Evolution & diversity in the deepest-living Fishes

One of our research team’s main goals is to understand how fishes have evolved and adapted into deep-sea environments. In our new paper in Marine Biology, we explore what it takes for fishes to live at the ocean’s greatest depths.

Revision of the depth record of bony fishes with notes on hadal snailfishes (Liparidae, Scorpaeniformes) and cusk eels (Ophidiidae, Ophidiiformes)

Mackenzie Gerringer, Thomas Linley, & Jørgen G. Nielsen 

Bony fishes are extremely successful in the marine environment, having evolved into nearly every ocean habitat. However, bony fishes do not seem to inhabit the ocean’s deepest depths, likely due to constraints of pressure adaptation. How deep do bony fishes live?

Few studies have examined the deepest living vertebrates, because sampling in hadal environments, depths 6000–11,000 m, is technologically challenging. In this study, we review the literature on records of the deepest living bony fishes.

Current depth records are held by the hadal snailfish Pseudoliparis swirei (family Liparidae) in the Mariana Trench, collection depth 7966 m, filmed to 8178 m, and the cusk eel Abyssobrotula galatheae (family Ophidiidae) in the Puerto Rico Trench, collection depth 7965 m.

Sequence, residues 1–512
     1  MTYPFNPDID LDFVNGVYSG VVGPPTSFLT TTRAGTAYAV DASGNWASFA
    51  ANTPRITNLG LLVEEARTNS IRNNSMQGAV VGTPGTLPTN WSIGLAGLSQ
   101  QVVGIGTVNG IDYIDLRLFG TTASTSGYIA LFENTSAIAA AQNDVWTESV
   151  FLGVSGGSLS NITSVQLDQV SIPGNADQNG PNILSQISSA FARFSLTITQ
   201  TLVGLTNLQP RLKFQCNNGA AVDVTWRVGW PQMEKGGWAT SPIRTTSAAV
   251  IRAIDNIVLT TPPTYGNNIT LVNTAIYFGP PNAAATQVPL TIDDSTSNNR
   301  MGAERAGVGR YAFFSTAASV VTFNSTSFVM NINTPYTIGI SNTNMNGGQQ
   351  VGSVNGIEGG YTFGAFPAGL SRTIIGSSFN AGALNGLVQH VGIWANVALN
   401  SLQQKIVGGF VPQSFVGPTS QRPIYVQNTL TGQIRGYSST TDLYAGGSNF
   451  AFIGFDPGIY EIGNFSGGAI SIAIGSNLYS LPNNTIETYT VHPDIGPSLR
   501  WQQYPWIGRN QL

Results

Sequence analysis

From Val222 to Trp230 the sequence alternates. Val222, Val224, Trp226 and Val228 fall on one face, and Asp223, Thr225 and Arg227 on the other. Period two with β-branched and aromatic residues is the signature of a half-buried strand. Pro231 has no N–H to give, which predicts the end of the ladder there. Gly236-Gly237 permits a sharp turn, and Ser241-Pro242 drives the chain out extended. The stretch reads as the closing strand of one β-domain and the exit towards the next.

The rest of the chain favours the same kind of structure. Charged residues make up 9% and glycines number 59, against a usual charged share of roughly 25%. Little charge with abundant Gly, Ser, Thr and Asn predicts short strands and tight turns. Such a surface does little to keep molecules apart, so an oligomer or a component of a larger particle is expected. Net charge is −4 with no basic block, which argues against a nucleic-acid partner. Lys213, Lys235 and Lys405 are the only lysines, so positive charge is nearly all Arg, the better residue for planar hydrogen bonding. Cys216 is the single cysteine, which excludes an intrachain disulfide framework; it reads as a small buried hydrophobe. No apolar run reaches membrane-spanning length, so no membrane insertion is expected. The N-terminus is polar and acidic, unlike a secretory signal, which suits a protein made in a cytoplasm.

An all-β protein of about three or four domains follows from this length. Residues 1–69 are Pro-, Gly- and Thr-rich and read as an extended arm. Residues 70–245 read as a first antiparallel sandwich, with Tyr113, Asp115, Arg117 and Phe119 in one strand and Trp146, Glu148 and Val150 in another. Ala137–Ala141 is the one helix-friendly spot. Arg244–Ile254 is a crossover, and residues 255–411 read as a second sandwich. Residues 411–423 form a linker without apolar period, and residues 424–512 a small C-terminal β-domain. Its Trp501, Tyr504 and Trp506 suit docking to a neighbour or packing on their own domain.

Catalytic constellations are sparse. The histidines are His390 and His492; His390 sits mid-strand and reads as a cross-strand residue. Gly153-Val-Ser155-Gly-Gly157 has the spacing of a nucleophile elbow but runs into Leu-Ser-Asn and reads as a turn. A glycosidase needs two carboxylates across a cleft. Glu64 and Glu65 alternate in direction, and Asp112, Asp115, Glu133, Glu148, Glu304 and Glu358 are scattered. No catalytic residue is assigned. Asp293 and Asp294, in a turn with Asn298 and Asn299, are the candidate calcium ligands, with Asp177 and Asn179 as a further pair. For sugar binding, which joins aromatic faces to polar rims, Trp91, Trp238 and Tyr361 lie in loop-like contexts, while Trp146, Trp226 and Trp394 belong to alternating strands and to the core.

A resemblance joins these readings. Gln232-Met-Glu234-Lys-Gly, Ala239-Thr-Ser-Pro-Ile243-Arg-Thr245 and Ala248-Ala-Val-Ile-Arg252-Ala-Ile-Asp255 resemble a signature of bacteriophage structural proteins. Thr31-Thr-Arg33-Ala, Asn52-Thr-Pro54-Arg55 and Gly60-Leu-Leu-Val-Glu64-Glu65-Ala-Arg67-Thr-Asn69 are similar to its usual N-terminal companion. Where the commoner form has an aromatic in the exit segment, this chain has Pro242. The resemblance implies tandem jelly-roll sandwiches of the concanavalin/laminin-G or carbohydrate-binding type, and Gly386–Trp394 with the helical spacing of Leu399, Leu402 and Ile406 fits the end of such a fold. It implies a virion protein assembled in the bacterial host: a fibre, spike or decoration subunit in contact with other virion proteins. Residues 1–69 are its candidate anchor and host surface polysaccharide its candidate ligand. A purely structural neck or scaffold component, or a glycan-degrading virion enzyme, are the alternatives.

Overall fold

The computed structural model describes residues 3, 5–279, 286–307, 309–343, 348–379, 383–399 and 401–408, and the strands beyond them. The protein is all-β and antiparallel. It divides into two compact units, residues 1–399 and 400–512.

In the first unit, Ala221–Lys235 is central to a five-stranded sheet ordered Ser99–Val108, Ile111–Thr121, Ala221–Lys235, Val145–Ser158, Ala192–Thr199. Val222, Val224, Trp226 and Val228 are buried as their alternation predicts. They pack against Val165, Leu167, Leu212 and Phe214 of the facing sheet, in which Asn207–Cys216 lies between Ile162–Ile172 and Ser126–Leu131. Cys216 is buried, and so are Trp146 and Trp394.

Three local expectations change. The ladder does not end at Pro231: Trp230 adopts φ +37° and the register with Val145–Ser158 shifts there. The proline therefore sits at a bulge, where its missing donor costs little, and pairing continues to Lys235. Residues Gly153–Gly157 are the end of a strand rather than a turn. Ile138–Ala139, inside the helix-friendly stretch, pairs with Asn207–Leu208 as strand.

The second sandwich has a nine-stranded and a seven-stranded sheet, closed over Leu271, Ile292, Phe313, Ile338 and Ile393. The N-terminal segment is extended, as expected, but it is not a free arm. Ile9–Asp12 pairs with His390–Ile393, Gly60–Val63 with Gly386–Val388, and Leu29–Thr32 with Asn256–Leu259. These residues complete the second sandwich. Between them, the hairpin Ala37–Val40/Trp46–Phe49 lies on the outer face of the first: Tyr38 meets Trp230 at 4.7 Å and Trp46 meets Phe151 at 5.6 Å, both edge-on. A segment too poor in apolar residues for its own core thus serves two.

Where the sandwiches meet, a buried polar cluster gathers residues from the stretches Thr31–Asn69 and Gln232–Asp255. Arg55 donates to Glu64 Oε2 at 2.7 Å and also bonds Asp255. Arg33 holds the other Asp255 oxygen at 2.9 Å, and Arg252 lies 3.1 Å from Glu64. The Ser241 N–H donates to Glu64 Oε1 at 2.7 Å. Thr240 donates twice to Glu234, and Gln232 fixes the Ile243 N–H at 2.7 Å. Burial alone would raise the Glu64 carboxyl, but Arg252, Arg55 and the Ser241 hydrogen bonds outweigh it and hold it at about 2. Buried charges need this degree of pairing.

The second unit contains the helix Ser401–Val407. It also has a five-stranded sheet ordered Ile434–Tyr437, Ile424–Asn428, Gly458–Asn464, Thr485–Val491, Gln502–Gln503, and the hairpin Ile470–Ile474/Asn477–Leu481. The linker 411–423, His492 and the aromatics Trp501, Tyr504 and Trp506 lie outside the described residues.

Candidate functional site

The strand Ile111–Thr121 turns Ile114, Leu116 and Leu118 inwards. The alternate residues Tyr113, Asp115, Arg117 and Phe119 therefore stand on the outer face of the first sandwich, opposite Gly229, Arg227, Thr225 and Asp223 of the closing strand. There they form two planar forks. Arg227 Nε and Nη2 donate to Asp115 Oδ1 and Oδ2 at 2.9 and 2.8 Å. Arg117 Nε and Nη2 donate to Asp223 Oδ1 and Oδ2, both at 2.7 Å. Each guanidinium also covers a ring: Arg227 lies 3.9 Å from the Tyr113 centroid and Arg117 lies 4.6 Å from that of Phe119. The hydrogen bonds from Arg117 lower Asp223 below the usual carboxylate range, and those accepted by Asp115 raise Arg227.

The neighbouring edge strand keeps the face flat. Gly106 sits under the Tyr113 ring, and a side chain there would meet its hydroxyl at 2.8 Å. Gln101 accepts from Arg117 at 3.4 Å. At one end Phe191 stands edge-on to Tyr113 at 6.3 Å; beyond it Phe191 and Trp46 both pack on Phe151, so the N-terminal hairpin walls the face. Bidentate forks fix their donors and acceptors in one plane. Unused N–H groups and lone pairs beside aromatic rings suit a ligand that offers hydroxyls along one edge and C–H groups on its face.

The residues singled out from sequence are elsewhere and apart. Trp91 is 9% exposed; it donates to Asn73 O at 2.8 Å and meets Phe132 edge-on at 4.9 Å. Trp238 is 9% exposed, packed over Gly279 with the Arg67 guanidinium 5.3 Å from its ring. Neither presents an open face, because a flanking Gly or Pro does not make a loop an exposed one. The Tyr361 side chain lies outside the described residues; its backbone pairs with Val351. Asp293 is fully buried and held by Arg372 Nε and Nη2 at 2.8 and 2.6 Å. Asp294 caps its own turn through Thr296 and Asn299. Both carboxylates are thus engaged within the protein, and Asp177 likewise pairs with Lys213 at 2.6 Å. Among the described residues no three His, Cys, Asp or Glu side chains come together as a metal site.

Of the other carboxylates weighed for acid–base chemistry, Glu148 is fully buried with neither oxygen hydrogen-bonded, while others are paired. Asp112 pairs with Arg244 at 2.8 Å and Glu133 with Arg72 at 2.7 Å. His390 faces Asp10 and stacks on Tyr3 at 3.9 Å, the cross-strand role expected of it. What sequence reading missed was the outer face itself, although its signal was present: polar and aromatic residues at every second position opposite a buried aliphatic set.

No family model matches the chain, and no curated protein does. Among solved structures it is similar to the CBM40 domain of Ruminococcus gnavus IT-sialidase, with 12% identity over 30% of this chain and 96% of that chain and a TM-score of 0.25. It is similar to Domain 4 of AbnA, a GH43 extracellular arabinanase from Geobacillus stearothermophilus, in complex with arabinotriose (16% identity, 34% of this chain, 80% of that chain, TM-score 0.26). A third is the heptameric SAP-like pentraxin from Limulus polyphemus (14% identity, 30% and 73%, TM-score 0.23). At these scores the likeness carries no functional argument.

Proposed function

Observations of abyssal and hadal fish communities suggest that hadal snailfishes are endemic to trenches but occasionally cross into abyssal areas. On the other hand, cusk eels dwell on the abyssal plains, but can extend their ranges into the trenches. These habitat differences allow both snailfishes and cusk eels to occupy distinct niches in the greatest ocean depths.

We then comment on the ecological and physiological significance of these two major hadal families and present recommendations for future research.

This paper has been featured as a Highlight Article, with editorial comment from Dr. Scott Hamilton available here.

The Mariana Snailfish, Pseudoliparis swirei Gerringer & Linley 2017. The deepest-living fish collected from the ocean floor.

Do deep-sea fishes have low-density bones?

Habitat influences skeletal morphology and density in the snailfishes (family Liparidae)

The snailfish was sampled by the ROV Global Explorer during a benthic dive. Image courtesy of Microcosm Film, The Hidden Ocean 2016: Chukchi Borderlands.

We tested the hypothesis that deep-sea fishes have poorly mineralized bone relative to shallower-dwelling species using data from a single family that spans a large depth range. The family Liparidae (snailfishes, Cottiformes) has representatives across the entire habitable depth range for bony fishes (0 m–> 8000 m), making them an ideal model for studying depth-related trends in a confined phylogeny.

We used micro-computed tomography (micro-CT) scanning to test three aspects of skeletal reduction in snailfishes (50 species) across a full range of habitat depths: 1) reduction of structural dimensions, 2) loss of skeletal elements, and 3) reduction in bone density.

Liparis florae, a shallow-living snailfish, showing bones analyzed in this study.